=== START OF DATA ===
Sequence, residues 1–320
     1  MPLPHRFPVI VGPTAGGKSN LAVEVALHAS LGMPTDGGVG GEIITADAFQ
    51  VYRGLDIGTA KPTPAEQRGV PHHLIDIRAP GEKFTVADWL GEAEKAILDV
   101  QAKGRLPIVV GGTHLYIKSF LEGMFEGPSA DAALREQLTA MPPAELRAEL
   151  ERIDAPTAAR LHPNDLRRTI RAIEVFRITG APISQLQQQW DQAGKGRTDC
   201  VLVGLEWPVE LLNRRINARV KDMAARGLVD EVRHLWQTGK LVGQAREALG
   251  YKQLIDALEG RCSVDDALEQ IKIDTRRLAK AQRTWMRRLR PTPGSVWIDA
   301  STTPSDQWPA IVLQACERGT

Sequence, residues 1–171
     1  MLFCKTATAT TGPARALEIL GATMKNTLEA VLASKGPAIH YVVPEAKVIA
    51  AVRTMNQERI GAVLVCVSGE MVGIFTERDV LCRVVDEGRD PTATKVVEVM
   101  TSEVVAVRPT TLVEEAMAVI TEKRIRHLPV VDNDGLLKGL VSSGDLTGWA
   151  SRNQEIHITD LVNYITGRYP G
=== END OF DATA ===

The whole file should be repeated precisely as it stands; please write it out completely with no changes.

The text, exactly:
Sequence, residues 1–320
     1  MPLPHRFPVI VGPTAGGKSN LAVEVALHAS LGMPTDGGVG GEIITADAFQ
    51  VYRGLDIGTA KPTPAEQRGV PHHLIDIRAP GEKFTVADWL GEAEKAILDV
   101  QAKGRLPIVV GGTHLYIKSF LEGMFEGPSA DAALREQLTA MPPAELRAEL
   151  ERIDAPTAAR LHPNDLRRTI RAIEVFRITG APISQLQQQW DQAGKGRTDC
   201  VLVGLEWPVE LLNRRINARV KDMAARGLVD EVRHLWQTGK LVGQAREALG
   251  YKQLIDALEG RCSVDDALEQ IKIDTRRLAK AQRTWMRRLR PTPGSVWIDA
   301  STTPSDQWPA IVLQACERGT

Sequence, residues 1–171
     1  MLFCKTATAT TGPARALEIL GATMKNTLEA VLASKGPAIH YVVPEAKVIA
    51  AVRTMNQERI GAVLVCVSGE MVGIFTERDV LCRVVDEGRD PTATKVVEVM
   101  TSEVVAVRPT TLVEEAMAVI TEKRIRHLPV VDNDGLLKGL VSSGDLTGWA
   151  SRNQEIHITD LVNYITGRYP G